When refugees flee, they take time to flourish. At first, they just pick up the pieces of their shattered lives.
Yema Torkani, 18, is doing well with a hairdressing job in Moldova after he and his family came through a nightmare of war in their native Afghanistan.
The Torkani family are from Herat, an ancient and cultured city near the Afghan border with Iran. In 2015, their eldest son Yamen was kidnapped and murdered. Sixteen at the time, he would have been 22 today.
After the killing, the family fled first to the Russian Federation before going on to Moldova. Why Russia? Why Moldova?
“I’m not quite sure. I was only 12 when it happened,” says Yema. But his parents remembered the time when Soviet forces were in Afghanistan and perhaps the fact his father Wahid spoke Russian had something to do with it.
At first, the family lived in a refugee centre but now they have a flat in Chișinău, decorated with a few things they were able to bring from Afghanistan, although nothing as big as a carpet.
Young Yema went to gymnasium (high school) and graduated after the ninth class. After six years in Moldova, he speaks fluent Romanian and Russian, as well as his native Dari.
Teachers noticed Yema was mature for his age, perhaps because of his difficult life experience. He could have gone on to higher education but he chose to get a job to support his family financially.
Back in Afghanistan, father Wahid was a doctor and mother Mahboobe an English teacher. Now Wahid works in a restaurant and Mahboobe has a job in an office. Yema’s older brother Ramiz, 19, also works in the restaurant while two little brothers, Benyamin, 9, and Melid, 7, are going to school. There are no girls in the family.
UNHCR’s partner, the Charity Centre for Refugees (CCR), helped Yema to get access to vocational training as a hairdresser and the state National Employment agency gave him a grant to study for six months. Then the Covid pandemic struck and hair salons were temporarily closed. Now Yema is working full-time, for a regular salary, at the Gold Master salon, a men’s barber shop owned by a Lebanese entrepreneur.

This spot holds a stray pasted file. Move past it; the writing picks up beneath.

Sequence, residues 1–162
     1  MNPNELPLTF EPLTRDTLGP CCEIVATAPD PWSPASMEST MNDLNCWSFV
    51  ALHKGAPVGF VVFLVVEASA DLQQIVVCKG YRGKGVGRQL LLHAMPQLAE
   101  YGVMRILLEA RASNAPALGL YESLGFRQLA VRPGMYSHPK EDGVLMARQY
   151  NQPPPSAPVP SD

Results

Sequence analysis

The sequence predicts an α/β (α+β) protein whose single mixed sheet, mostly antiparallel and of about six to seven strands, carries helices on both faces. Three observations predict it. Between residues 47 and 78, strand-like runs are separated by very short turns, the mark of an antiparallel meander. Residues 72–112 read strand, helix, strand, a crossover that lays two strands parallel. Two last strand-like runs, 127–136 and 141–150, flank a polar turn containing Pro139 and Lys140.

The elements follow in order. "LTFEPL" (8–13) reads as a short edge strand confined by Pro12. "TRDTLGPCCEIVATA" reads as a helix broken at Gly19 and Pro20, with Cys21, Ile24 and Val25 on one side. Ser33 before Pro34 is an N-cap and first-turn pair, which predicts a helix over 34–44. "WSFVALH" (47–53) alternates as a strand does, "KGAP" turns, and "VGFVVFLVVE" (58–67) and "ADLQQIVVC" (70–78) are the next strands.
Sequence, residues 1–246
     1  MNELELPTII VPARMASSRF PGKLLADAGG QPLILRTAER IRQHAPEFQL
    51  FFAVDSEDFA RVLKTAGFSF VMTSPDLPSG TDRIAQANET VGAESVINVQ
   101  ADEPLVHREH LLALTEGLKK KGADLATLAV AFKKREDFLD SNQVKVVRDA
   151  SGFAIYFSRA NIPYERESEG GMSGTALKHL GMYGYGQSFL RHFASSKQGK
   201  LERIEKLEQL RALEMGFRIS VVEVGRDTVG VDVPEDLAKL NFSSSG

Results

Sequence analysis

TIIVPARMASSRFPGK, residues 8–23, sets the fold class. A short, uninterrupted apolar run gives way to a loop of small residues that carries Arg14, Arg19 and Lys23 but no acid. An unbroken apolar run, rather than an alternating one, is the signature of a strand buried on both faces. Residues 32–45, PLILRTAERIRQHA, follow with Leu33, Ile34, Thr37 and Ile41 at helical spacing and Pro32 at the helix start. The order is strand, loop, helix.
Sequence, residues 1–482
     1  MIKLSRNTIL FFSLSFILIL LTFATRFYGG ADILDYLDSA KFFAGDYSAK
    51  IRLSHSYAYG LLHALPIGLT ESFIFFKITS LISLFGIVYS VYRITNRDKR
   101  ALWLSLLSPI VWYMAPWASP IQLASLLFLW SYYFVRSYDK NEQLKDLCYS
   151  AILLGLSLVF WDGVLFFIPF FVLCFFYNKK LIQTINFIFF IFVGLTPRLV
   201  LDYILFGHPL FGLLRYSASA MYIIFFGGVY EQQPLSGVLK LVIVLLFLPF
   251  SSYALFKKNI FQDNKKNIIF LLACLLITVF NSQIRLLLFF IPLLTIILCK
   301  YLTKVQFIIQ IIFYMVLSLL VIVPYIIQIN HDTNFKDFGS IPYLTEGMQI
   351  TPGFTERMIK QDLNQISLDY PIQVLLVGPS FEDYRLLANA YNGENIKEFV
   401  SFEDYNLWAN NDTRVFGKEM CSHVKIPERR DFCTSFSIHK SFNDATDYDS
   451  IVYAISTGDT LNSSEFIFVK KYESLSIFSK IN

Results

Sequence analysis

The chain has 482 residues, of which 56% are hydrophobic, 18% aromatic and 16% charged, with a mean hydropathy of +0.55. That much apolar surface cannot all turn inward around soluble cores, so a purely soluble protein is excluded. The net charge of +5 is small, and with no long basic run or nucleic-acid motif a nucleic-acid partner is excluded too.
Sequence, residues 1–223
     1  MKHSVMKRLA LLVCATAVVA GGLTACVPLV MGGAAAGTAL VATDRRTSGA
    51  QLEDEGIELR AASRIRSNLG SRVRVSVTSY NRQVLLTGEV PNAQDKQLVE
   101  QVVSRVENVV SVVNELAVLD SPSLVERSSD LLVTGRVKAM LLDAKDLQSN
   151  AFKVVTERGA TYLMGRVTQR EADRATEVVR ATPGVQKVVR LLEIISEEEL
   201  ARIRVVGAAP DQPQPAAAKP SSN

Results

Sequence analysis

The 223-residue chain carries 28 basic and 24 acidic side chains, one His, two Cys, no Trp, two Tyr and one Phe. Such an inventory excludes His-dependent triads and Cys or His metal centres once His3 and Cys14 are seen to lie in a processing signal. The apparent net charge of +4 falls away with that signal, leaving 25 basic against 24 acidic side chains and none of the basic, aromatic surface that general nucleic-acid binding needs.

“The owner has been kind to me,” says Yema. “I work with five other people in the shop. I can do everything now, cut and shave. The fashion is to shave the sides of the head and leave a quiff on top. The clients are mostly Moldovans. I like the job and I make them feel good.”
“Yema is a willing worker and fast learner and we are very glad to have him on the team,” says salon owner Hasani Abou nar.
Yema also has a social life, with Moldovan friends he knew at school.
Perhaps there was a time when Yema dreamt of a different future. “I might have liked to do something connected with medicine,” he says. “Perhaps I may still study to do massage or physiotherapy or something like that. But for now, the important thing is to earn a living to help my family.”
Yema remembers Herat — the beauty of the old city, the mountains, the winding streets, the bazaars. He and the family worry about relatives – grandparents, aunts and cousins – left behind there.
“We talk,” he says, “now and then, when there is an internet connection.”
“Moldova is good but Afghanistan is home,” says Yema. But he knows the situation in his homeland may get worse before it gets better and it could be years before there is the kind of stability that would allow him to return, even for a visit.